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2008-09

Country

Right hon. David Miliband

Afghanistan

Secretary of State

Belgium

Bosnia

China

Czech Republic

Egypt

Finland

France

Georgia

Germany

India

Iraq

Ireland

Israel

Japan

Kosovo

Kuwait

Lebanon

Luxembourg

Norway

Occupied Palestinian Territories

Pakistan

Romania

Saudi Arabia

Serbia

Slovakia

Slovenia

South Africa

Sudan

Sweden

Syria

Turkey

Ukraine

United Arab Emirates

USA

Right hon. Dr Kim Howells MP

Algeria

Minister of State

Bolivia

Brazil

Germany

Morocco

Peru

Qatar

South Africa

Yemen

Right hon. Jim Murphy MP

Azerbaijan

Minister of State

Belgium

Czech Republic

France

Georgia

Germany

Gibraltar

Hungary

Italy

Luxembourg

Poland

Spain

USA

Right hon. Caroline Flint MP

Belgium

Minister of State

Bulgaria

Croatia

Cyprus

Czech Republic

France

Germany

Greece

Ireland

Macedonia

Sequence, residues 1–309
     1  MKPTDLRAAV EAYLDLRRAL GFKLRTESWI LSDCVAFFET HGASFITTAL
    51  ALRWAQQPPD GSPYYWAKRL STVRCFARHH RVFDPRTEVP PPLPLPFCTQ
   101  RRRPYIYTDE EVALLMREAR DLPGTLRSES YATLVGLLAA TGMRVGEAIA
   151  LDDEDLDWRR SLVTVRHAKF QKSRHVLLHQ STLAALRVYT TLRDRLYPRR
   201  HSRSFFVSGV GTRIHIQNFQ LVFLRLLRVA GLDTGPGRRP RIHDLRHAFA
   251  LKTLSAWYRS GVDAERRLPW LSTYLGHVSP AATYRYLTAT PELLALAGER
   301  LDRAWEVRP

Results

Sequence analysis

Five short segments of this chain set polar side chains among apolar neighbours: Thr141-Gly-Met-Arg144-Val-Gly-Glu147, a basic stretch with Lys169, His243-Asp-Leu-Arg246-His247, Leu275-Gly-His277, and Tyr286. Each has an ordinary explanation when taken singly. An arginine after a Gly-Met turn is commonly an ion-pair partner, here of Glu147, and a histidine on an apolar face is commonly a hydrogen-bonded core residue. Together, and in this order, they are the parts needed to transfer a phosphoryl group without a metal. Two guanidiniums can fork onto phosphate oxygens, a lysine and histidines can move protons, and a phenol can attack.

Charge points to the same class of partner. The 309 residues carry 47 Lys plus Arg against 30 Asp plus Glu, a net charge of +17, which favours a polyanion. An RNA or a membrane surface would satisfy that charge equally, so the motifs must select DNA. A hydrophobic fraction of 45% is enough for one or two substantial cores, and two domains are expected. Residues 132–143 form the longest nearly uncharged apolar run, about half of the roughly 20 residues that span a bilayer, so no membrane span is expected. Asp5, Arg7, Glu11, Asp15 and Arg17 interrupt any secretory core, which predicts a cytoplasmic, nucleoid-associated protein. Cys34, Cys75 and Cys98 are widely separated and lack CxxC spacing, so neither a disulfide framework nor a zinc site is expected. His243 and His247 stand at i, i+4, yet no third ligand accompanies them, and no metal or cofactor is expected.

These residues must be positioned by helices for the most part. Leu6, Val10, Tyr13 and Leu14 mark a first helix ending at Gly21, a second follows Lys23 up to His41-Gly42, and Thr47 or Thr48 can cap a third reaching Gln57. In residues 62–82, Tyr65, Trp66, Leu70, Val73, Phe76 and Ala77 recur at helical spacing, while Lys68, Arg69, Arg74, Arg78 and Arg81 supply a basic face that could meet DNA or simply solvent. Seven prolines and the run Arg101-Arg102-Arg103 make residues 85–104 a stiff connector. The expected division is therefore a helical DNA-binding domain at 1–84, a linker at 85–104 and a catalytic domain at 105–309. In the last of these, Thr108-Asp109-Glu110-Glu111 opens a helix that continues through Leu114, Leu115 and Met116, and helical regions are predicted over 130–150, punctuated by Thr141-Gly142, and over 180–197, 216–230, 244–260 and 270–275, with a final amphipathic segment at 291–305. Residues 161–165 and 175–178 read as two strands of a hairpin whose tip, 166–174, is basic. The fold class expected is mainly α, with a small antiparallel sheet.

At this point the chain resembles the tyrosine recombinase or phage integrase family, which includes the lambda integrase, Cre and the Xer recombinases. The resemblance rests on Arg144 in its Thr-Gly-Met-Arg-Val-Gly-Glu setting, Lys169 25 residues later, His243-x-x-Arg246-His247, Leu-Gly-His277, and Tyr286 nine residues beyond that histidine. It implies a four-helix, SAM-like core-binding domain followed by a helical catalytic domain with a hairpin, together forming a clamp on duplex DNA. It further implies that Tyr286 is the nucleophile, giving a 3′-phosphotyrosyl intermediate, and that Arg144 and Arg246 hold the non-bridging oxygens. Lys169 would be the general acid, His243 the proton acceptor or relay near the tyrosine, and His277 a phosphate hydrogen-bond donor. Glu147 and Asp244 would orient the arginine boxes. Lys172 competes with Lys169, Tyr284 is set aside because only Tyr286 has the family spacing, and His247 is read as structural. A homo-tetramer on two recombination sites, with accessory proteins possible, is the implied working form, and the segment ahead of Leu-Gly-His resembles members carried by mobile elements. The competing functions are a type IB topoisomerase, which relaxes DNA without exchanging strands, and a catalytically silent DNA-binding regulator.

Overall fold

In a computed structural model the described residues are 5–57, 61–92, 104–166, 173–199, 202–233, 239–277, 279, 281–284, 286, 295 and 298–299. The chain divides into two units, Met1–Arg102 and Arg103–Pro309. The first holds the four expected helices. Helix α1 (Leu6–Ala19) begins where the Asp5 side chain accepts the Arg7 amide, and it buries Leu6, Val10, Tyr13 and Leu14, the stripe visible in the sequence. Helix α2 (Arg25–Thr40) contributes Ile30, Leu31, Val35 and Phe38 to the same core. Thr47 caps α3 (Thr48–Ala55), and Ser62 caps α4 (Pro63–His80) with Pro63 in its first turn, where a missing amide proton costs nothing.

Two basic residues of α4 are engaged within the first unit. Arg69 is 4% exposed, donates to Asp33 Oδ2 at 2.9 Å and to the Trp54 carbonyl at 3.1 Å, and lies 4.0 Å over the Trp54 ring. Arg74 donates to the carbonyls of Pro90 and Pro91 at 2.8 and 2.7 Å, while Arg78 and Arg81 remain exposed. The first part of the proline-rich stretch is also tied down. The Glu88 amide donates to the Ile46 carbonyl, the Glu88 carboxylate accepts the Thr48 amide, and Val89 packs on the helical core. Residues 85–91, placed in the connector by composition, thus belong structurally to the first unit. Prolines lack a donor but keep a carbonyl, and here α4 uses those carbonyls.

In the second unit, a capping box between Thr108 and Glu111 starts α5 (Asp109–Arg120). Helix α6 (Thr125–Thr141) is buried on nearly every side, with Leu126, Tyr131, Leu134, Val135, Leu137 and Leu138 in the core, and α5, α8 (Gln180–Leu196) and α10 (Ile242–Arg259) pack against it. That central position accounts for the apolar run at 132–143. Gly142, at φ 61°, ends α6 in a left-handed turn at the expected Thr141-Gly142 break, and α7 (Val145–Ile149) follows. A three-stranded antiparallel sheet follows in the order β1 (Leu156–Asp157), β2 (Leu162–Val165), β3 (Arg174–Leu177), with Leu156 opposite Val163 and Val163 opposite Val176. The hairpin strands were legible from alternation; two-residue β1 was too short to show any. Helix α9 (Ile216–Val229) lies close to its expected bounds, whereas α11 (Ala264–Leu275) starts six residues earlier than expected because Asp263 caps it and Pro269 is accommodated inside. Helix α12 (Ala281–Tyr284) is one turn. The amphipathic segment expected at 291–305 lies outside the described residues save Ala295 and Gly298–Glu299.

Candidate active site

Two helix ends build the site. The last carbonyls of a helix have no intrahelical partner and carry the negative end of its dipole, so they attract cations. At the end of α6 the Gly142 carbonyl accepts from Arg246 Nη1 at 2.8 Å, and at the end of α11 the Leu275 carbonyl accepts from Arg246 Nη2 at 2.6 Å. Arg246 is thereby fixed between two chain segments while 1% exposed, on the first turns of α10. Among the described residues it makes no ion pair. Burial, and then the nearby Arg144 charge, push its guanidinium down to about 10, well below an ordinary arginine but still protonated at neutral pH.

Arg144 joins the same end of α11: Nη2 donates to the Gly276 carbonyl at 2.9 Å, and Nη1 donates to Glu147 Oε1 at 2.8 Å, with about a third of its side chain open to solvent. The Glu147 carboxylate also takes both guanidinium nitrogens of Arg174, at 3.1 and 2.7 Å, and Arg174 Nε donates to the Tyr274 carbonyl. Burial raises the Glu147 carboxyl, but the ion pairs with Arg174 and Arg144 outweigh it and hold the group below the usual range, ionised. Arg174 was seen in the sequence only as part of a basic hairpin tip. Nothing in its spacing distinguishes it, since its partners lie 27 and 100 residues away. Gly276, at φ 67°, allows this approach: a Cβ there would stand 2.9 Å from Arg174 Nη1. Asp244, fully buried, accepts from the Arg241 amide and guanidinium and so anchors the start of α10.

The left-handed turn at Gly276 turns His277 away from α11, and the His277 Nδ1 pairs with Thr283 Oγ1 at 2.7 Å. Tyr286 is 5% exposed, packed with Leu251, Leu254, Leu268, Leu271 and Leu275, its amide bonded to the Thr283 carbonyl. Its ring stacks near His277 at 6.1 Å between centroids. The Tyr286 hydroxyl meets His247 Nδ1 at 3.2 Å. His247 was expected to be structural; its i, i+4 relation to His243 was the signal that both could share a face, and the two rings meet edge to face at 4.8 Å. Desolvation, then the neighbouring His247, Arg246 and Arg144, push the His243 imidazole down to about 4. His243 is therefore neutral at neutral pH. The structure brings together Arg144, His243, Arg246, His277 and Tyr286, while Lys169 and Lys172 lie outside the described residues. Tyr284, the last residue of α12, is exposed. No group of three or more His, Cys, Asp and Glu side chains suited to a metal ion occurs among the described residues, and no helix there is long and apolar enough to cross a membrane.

Spain

Turkey

Ukraine

Right hon. Lord Malloch Brown

Argentina

Minister of State

Bangladesh

Brazil

China

Democratic Republic of Congo

Egypt

Ethiopia

France

Ghana

India

Japan

Kenya

Maldives

Myanmar

Nepal

Netherlands

Nigeria

Norway

Russia

Rwanda

Saudi Arabia

Sierra Leone

Singapore

South Africa

Sri Lanka

Switzerland

Thailand

USA

Zambia

Bill Rammell MP

China

Minister of State

Indonesia

Israel

Japan

Libya

Occupied Palestinian Territories

South Korea

Syria

Tunisia

Gillian Merron MP

Brazil

Parliamentary Under-Secretary of State

Jamaica

Pakistan

Trinidad

Meg Munn MP

Australia

Parliamentary Under-Secretary of State

Barbados

Belize

Cambodia

Costa Rica

Guatemala

Malaysia

Mexico

New Zealand

Niue (Pacific)

Philippines

Singapore

Spain



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2009- 10

Country

Right hon. David Miliband

Afghanistan

Secretary of State

Belgium

Bermuda

Bosnia

Canada

China

Czech Republic

Denmark

France

Germany

Gibraltar

Greece

Ireland

Italy

Jordan

Luxembourg

Pakistan

Poland

Portugal

Russia

Saudi Arabia

Spain

Sri Lanka

Sweden

Switzerland

the Netherlands

Trinidad and Tobago

Turkey

USA

Bill Rammell MP

Bahrain

Minister of State

Cambodia

Egypt

USA

Vietnam

Right hon. Lord Malloch-Brown MP

Angola